Around these here parts, the prevalent pronunciation for sumac is shoo’-mak. We’ve also encountered that pronunciation among some Midwesterners. A few dictionaries list shoo’-mak as an secondary pronunciation and soo’-mak as the primary, but it is curious that the sh supplanted the s locally. The Amish around here also “shoo”, so I wondered if this was a German pronunciation. Google Translate’s audio pronunciation tells me the German word is “sumach”, with the leading s pronounced like the letter z in English. So that theory probably doesn’t work, unless there is more to the story based on differences in older German versus Google’s contemporary pronunciation. (Calling Dr. Fleischman, Dr. Rainbow, Dr. Feyer: is there any linguistic support here or am I trying too hard?)
Clearly I’m out of my depths, but I’ll expound on my linguistic theory regardless of whether there is sufficient basis in linguistic reality. I’ve noticed that the Mohawk Valley is home to an accent that resembles the Scandinavian/German-influenced accent often associated with the Upper Midwest. It isn’t as strong as the oft-parodied “Minnesooota” accent, but the vowels are stretched similarly. This area was settled by the Palatinate Germans and some locals continued speaking German into the 20th century (at least on Sundays at the the German-speaking Lutheran congregation in town). A relic of this tradition is a German Bible we found in our attic, given to Frank Schuenemann (the family later Anglicized the spelling to Shineman) in 1895.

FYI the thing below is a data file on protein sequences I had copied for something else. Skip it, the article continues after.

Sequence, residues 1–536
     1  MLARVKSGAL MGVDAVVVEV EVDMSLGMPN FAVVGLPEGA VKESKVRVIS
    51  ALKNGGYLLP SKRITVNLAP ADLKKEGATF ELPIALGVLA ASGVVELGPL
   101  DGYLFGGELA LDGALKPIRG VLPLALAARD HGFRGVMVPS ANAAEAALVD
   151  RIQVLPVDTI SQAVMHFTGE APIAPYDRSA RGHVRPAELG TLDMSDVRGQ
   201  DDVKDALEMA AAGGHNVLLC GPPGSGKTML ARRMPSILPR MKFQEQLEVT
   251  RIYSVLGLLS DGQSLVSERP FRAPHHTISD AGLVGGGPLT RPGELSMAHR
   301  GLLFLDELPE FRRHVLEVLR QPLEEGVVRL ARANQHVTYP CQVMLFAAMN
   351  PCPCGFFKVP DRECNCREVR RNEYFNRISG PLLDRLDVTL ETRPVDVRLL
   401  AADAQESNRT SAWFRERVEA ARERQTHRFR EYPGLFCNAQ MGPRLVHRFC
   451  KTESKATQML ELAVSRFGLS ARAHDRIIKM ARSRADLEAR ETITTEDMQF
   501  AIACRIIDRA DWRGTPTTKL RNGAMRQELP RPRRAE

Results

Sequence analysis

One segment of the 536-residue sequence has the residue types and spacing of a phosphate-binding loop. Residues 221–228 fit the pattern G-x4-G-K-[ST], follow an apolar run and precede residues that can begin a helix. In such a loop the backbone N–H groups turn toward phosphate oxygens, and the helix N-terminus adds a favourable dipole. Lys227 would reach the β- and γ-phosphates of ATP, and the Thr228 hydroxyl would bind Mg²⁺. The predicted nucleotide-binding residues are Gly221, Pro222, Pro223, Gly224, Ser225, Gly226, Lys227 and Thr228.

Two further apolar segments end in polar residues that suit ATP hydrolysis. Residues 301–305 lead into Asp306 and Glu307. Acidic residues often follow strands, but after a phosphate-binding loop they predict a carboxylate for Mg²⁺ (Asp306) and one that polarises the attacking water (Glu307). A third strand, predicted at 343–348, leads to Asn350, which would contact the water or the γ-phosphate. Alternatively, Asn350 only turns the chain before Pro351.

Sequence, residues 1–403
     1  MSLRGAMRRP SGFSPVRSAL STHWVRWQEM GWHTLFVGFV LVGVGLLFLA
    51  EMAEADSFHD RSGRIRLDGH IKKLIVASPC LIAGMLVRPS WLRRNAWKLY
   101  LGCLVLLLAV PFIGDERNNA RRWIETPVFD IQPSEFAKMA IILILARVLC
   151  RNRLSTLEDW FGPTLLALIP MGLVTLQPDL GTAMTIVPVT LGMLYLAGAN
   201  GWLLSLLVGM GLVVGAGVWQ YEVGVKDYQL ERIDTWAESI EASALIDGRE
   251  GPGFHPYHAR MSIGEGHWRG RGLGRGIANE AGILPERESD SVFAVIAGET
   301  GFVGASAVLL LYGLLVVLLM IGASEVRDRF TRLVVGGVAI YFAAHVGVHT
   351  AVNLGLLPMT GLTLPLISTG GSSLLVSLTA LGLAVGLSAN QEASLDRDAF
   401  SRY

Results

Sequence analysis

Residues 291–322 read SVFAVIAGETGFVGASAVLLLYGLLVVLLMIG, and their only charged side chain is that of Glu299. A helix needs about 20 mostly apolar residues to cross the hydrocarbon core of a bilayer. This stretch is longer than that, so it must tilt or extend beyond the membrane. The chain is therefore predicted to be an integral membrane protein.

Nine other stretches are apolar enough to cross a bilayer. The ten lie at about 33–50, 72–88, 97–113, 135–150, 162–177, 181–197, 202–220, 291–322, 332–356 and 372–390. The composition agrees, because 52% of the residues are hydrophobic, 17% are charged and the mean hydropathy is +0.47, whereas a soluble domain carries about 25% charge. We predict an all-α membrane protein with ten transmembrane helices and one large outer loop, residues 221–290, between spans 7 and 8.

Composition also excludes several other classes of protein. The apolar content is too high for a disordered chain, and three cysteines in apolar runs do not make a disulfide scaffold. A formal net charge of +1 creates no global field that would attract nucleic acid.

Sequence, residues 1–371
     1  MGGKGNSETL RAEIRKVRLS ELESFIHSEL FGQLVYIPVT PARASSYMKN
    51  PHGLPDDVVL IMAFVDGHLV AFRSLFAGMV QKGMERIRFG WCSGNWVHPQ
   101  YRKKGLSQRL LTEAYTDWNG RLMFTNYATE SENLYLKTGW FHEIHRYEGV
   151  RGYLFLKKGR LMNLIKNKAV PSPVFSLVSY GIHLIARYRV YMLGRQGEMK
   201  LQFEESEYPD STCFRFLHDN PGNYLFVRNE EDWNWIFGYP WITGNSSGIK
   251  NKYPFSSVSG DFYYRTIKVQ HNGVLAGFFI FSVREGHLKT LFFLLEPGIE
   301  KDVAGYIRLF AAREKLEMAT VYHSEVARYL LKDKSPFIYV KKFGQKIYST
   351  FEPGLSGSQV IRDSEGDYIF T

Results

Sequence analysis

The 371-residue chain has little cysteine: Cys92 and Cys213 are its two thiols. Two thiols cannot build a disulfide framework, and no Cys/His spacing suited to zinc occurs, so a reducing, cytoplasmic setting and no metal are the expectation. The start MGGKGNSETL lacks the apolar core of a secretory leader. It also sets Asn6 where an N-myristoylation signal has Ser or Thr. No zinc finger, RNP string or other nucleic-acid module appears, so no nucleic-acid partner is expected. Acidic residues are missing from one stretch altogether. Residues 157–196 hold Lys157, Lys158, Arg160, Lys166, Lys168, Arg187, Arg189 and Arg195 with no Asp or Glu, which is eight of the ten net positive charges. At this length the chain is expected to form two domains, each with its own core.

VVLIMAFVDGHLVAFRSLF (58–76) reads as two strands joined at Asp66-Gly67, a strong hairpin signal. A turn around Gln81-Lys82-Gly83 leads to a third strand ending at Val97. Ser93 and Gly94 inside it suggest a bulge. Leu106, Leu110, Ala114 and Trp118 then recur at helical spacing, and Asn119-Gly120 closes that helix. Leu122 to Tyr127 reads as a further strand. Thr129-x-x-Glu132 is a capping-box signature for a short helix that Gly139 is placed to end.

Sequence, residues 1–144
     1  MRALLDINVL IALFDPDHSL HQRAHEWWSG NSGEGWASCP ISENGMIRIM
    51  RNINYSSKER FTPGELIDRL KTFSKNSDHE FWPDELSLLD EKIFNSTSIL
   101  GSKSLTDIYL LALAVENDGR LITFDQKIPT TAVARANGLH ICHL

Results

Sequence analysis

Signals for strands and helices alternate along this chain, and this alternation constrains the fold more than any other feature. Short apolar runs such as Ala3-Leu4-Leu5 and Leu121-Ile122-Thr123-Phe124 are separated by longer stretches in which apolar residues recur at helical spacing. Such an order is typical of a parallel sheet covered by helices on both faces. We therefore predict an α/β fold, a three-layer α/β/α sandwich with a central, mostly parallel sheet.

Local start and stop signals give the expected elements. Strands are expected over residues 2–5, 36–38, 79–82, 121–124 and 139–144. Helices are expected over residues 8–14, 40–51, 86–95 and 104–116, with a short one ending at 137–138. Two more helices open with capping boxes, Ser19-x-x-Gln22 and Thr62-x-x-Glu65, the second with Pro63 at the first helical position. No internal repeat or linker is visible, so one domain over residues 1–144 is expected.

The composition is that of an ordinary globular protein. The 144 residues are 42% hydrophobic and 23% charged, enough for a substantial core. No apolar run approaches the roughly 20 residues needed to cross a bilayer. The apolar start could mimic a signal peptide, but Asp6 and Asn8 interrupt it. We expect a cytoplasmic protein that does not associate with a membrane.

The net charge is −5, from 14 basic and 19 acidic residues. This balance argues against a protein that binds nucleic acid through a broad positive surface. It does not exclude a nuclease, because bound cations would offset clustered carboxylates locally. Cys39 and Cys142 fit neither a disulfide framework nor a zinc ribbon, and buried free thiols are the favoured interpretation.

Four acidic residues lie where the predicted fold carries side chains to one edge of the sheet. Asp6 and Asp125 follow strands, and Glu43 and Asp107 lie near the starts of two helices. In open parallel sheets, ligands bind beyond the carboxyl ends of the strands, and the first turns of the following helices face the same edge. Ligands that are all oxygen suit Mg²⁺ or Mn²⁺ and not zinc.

Besides its linguistic utility as a regional shibboleth and its culinary utility when its drupes are steeped for iced tea, we don’t have much love for the staghorn sumac. It is a grassland-to-forest succession species, able to overgrow whole fields in a few years. The trees are weak and easily cut down, but since they regenerate from the root networ, cutting only stimulates a flush of sprouts. Over the years we’ve cleared more than four acres of sumac overgrowth, but the stand on the slope behind the house is one of the last holdouts. Each winter we cut back a bit more and burn the brush, and then in the summer we try to manage the regrowth by a combination of livestock grazing and brush cutting. Sumac is persistent, but we finally are getting close to having this field converted back to pasture.